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Polish philosopher Zygmut Bauman raises a question which frames a debate that for centuries has been crucial to theologists and philosophers and, in the last fifty years, to neuroscientists as well. From the moment we wake up to when we go to sleep, we perform hundreds of actions, some as simple as taking a glass of water, others more complex as deciding what to say during an imminent business meeting. Even though in the majority of the circumstances, we put little or no attention in what we do, we still have the perception of having voluntary control over everything. Unconsciously, we reckon that actions are determined by our own conscious will to act, namely our “free will”. This idea is at the basis of both the concept of self-control and moral responsibility and every legal system that shapes social interactions in modern societies (Lavazza & Inglese, 2015). For instance, the Italian penal code considers the ability to understand and want as the determining fact when punishing someone.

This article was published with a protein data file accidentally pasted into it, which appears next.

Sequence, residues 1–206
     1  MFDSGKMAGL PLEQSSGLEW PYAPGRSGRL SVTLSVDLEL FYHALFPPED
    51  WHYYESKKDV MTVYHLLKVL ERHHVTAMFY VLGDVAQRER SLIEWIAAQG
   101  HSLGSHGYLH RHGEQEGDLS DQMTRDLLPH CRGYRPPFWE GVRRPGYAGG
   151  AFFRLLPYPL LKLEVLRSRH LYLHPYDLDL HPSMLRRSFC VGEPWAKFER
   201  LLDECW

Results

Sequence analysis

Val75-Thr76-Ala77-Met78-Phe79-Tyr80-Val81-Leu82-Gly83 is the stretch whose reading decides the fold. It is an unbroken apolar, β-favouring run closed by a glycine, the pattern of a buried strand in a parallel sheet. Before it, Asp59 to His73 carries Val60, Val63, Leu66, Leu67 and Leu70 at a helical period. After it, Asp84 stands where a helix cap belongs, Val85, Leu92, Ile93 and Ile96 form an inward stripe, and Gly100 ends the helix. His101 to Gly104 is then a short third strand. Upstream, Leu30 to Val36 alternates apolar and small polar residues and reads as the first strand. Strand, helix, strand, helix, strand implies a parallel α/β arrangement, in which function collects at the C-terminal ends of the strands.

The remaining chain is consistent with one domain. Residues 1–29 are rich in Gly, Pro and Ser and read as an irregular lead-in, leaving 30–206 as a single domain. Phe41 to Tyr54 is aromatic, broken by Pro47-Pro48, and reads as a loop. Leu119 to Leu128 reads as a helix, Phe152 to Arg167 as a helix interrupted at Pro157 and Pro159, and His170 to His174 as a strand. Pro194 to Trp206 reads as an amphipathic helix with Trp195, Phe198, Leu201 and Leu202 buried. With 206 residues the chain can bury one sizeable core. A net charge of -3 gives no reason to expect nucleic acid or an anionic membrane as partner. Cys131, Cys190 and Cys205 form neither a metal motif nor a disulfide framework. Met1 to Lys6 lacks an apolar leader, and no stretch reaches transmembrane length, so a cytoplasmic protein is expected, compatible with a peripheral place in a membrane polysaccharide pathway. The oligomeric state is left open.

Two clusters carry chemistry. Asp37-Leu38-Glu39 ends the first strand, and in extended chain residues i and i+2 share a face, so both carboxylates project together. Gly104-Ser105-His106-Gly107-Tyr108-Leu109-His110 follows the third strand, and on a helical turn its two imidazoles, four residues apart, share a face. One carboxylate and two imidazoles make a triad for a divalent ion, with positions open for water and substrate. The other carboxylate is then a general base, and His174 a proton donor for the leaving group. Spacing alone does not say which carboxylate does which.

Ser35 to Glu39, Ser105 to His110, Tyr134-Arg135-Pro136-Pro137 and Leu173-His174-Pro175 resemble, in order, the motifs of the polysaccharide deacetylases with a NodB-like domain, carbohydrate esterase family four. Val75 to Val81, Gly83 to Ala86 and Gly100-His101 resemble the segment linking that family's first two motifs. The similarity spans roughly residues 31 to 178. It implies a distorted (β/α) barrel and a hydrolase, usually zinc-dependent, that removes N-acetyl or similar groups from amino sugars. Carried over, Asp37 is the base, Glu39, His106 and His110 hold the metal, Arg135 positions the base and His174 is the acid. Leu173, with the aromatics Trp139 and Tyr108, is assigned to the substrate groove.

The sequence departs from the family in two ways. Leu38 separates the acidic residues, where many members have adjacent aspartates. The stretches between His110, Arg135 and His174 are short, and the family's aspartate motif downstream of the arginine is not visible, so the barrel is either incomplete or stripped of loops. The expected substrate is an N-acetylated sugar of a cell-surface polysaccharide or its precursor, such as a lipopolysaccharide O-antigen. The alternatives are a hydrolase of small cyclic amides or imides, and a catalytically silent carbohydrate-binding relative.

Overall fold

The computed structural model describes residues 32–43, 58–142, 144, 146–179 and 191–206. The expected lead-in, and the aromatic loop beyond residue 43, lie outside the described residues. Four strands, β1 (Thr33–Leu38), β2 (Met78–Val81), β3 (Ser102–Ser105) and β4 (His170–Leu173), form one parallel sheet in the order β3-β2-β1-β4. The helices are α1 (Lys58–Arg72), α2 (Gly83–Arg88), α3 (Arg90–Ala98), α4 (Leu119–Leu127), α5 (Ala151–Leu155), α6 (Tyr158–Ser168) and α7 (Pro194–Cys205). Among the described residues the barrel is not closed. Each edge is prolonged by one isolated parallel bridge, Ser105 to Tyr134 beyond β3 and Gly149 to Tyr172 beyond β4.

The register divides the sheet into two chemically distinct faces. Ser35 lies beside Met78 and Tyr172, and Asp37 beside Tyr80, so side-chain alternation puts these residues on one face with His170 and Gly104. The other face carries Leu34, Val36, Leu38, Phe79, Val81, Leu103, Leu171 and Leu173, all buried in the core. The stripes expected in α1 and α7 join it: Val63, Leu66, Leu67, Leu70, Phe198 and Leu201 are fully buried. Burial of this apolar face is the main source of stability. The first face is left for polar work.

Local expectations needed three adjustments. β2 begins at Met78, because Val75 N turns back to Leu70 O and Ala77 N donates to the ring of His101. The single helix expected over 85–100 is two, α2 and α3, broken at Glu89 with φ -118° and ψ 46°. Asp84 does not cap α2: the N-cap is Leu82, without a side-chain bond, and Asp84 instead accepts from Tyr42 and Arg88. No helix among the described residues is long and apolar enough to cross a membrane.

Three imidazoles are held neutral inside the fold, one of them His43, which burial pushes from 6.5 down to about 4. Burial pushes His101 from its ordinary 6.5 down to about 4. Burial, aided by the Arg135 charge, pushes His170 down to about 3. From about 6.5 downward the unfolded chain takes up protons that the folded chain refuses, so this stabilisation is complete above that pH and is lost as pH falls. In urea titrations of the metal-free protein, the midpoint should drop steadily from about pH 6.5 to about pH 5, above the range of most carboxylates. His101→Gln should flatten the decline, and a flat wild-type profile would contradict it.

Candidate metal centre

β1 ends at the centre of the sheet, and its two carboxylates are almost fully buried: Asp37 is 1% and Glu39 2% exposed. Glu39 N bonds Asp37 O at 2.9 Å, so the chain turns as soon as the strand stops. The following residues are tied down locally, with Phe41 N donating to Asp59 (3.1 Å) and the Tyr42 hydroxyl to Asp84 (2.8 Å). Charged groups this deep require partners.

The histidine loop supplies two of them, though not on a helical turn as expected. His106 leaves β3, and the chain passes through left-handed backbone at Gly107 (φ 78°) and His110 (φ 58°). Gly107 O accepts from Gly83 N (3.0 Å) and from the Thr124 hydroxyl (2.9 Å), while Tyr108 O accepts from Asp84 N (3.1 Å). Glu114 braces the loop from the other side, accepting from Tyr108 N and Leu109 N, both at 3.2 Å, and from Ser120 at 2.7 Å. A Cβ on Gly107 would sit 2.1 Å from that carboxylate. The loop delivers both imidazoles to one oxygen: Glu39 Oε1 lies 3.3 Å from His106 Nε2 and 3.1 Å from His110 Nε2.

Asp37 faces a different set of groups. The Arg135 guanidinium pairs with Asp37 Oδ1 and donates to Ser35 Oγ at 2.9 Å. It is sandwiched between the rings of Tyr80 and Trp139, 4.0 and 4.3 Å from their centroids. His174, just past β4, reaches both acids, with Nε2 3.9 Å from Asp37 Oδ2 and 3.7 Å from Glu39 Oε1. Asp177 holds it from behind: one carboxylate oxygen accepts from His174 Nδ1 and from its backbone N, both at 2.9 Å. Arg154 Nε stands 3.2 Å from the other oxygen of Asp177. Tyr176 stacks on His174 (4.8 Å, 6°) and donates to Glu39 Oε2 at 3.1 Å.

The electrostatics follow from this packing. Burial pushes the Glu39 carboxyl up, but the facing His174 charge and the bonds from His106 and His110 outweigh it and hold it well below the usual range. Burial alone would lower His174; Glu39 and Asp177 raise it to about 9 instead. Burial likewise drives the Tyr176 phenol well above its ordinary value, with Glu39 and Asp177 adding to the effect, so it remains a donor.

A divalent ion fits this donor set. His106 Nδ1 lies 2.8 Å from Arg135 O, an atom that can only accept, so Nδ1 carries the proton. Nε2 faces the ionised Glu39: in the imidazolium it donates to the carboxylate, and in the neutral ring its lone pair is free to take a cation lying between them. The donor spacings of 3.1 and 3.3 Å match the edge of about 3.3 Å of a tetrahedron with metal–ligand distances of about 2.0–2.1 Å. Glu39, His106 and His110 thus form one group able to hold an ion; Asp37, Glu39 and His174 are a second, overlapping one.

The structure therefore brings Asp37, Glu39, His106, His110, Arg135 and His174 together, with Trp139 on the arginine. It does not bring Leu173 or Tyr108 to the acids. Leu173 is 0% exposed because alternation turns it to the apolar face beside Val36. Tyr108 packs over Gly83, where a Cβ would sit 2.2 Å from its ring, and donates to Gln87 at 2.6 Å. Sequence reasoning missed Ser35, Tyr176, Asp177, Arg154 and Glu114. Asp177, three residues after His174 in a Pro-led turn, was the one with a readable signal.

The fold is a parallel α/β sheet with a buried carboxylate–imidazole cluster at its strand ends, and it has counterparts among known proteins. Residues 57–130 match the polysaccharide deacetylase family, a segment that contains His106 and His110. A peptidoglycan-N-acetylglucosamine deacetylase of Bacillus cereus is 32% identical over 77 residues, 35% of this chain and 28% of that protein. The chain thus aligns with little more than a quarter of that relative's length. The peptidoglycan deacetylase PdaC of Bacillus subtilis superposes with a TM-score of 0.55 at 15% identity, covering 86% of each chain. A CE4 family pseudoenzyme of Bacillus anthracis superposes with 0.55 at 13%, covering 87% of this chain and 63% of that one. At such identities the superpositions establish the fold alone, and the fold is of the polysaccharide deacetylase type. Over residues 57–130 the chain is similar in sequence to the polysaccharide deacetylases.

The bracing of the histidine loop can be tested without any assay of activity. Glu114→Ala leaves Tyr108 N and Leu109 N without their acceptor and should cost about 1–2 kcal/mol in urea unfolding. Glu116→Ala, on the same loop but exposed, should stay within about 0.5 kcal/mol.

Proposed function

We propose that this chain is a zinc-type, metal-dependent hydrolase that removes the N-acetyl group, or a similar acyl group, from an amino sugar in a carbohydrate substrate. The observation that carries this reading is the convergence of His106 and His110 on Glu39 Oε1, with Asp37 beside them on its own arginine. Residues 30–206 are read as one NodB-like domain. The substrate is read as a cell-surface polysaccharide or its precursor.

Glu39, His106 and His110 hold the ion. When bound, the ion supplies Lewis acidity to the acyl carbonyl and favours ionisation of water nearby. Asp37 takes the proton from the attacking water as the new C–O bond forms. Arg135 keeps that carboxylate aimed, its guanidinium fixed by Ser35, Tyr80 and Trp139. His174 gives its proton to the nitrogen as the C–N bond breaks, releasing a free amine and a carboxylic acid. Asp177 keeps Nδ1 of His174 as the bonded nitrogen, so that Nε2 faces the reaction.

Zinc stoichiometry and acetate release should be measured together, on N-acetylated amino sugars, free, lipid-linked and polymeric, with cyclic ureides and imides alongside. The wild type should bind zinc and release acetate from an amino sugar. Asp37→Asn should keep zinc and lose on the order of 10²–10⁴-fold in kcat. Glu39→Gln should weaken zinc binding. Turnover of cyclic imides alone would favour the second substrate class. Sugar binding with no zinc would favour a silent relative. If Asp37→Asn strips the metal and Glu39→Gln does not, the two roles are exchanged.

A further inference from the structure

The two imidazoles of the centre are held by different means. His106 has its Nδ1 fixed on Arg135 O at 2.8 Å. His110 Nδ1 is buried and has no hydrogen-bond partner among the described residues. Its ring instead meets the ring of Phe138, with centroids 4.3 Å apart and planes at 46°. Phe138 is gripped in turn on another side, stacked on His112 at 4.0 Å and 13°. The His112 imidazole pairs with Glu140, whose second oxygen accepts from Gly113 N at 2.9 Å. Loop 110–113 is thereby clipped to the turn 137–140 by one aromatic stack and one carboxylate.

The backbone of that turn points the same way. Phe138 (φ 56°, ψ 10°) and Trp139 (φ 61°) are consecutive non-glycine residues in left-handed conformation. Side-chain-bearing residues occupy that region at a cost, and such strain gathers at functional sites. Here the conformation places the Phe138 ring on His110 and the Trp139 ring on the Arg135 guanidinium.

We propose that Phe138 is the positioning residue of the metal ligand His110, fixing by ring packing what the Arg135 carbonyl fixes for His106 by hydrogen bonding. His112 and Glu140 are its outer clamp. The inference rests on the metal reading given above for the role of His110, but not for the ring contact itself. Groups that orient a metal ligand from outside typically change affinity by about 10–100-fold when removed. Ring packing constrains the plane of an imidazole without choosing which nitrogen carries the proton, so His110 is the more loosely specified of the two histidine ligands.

However, the idea that the conscious intention to perform an action is its actual cause is in strong contrast with determinism, for which every event is generated by a cause-effect relation and, thus, by necessity and not by choice. Determinism finds its roots in Newton’s physics laws, for which a system’s initial conditions are sufficient to undoubtedly predict the future behaviour of a system as such. For instance, knowing precisely the initial conditions of movement and characteristics of the planets of the Solar System, we can precisely predict their orbit around the Sun. Since our brains are made of the same matter of the planets and are thus subject to the same rules, determinism asserts that also our future actions are as certain as the orbits of the planets. According to philosopher Daniel Dennett (1984): «We have the illusion of control. Actually, we are completely controlled by external factors, tied to the history of life written at the beginning of creation».